According to statistics, the average credit card debt of a U.S. household is over $15,000, and ignoring it or wishing it away just doesn’t work. With the high interest rates compounding what you already owe, it’s time to get a serious strategy in place for debt repayment!
Here are 9 effective strategies to consider:
Don’t Opt for Minimum Payment
Credit card companies and lending institutions make money off the interest on your dues. Make a few lifestyle changes and give up some luxuries so you can pay two or three times the minimum monthly dues and make a real dent in your debt.
When you pay only the minimum (typically 2%-3% of the total outstanding balance), you’ll end up with hundreds (or even thousands) of dollars added to your existing debt over time!
Prioritize Your Debt Payments
Thoroughly analyze your debt to understand which is the most expensive, in terms of interest and late payment charges. Make it a priority to pay these dues off first, and look into the option of transferring them to lower-interest credit cards or loans.
This strategy is commonly known as “snowballing” your debt. Focus on paying back the most expensive debt first, while the low-interest ones don’t eat into your income as heavily during that time.
Get Help from Friends and Family
No one enjoys being in the position of asking loved ones for money, but it might be the best way to get out of debt fast. If your loved ones are financially comfortable, approaching them for a loan may not be as painful as you might expect it to be.
A written agreement outlining the terms, payment schedule and interest can help set them at ease. Of course, you need to make sure you’re repaying them on time, as promised!
Use Your Life Insurance
This strategy only works if you have a whole life insurance policy that accumulates a cash value which you can borrow against. Why would you want to do that? Well, the interest rates are usually much lower than bank or credit card loans, and there’s no set time limit on repayment.
However, if you die before paying back the loan, your beneficiaries will not receive the full death benefit (the loan amount and interest will be deducted from the payout).
Put Savings and Investments to Use
It may seem like your savings account or investment portfolio is helping you make the money you need to pay off your debt, but it probably isn’t. For instance, if you pay 12% interest on your credit card, your investments would need to grow at over 18% after tax payments (which rarely happen).
Paying off high-interest debt with your savings amounts to the same financial gain, without the inherent risk involved in high-interest investments.
Consider an HEL (Home Equity Loan)
If you are a homeowner with accumulated equity as a result of mortgage repayments, an HEL can help with your debt. Since this line of credit has very low interest (generally 6%-7%), you can use it to snowball your debt and reduce the interest burden.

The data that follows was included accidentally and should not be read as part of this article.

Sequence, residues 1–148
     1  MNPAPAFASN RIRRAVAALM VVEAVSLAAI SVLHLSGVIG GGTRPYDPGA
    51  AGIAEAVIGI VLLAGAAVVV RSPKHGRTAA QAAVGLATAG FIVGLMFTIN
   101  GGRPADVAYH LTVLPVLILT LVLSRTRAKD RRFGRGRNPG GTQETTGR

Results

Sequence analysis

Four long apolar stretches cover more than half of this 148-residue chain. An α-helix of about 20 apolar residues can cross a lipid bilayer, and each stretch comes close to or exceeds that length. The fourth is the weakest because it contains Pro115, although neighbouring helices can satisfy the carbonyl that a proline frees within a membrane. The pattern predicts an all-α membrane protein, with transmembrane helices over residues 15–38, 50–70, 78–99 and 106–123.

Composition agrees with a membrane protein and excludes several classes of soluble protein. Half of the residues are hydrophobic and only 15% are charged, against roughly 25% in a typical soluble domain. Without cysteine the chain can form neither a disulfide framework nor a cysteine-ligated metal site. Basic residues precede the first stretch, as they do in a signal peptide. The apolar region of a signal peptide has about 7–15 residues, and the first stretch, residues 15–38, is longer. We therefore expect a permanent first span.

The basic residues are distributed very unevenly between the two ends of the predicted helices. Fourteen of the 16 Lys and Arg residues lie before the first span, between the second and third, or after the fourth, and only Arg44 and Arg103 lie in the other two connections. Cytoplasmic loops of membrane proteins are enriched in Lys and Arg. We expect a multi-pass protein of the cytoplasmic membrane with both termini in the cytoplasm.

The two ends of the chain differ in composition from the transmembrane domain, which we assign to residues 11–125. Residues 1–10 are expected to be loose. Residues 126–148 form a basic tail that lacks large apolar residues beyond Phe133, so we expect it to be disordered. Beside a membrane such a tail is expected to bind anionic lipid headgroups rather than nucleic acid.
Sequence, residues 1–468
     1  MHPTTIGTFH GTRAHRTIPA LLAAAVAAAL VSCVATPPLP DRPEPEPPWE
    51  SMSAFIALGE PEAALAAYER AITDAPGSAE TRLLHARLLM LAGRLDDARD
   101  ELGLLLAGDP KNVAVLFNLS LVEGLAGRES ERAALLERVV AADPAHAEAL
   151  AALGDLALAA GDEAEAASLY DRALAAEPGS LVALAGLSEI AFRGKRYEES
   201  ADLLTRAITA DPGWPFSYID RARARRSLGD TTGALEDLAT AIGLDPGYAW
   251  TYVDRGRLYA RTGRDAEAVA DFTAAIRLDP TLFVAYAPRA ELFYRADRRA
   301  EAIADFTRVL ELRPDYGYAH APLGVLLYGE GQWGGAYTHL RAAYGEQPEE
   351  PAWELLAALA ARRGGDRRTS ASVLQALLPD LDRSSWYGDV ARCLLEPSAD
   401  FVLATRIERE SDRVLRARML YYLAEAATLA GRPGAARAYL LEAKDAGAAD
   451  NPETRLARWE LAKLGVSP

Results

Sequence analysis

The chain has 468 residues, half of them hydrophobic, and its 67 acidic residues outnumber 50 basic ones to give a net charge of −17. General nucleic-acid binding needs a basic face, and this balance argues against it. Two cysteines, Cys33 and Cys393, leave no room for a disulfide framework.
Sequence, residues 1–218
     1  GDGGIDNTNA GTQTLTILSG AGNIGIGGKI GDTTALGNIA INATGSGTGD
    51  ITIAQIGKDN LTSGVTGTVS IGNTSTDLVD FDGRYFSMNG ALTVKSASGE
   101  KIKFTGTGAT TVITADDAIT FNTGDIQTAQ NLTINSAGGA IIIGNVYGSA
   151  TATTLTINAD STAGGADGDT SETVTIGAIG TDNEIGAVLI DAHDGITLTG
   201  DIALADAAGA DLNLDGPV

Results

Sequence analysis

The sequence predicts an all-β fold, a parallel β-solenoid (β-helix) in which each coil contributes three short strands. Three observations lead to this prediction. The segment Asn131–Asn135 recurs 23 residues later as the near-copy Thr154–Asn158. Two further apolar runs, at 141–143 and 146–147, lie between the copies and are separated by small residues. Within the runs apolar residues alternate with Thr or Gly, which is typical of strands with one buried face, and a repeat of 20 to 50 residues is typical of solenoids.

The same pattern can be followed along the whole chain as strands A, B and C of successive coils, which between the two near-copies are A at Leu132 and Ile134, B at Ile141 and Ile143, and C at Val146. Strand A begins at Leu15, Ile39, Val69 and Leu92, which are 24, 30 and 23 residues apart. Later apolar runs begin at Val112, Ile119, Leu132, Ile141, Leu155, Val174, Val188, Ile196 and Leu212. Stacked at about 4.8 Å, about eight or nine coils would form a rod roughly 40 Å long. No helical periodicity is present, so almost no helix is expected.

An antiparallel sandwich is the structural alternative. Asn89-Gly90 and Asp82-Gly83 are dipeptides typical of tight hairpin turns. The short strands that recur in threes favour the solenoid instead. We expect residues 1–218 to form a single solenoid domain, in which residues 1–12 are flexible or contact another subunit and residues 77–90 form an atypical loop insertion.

The interest on HELs is also normally tax deductible, so your effective interest rate will be even lower. Just make sure you don’t run up your credit again, at least till the loan is repaid!
Take a Loan on Your 401(k)
If you have a 401(k) plan at work, you can borrow up to half of the total value of funds in the account, or $50,000 (whichever is lower). Basically, you’ll be taking a loan against your own money, since the interest you pay on a 401(k) loan (which is lower than credit card rates) goes right back into the account.
However, despite paying the loan amount and interest with after-tax dollars, interest withdrawals in the future will be taxed again. The loan needs to be repaid within 5 years or if you leave your current employment, otherwise it’s treated as a taxable distribution and may incur a 10% early withdrawal penalty too!
Negotiate Your Repayment Terms
If you have no other options, speak to your creditors before you decide to declare bankruptcy. Most creditors will be unwilling to push you into taking such a drastic step, especially since they may not receive much in case you do so.
Explain your willingness to repay the debt and ask for a new repayment schedule, lower interest rate and any other leeway they can give you. It’s worth trying, at least, and there are various organizations that can help you with this.
File for Bankruptcy
If there is absolutely no other way out of debt, bankruptcy may be the only option left to you. However, it will affect your future credit (bankruptcy stays on credit records for 10 years) and you’ll still have to come up with money for an attorney, court filing fees and other legal expenses.
Personal bankruptcy laws under Chapter 7 and Chapter 13 have gotten very strict, so you may not be able to get full relief. It’s best to consult a financial advisor before you decide to take this step.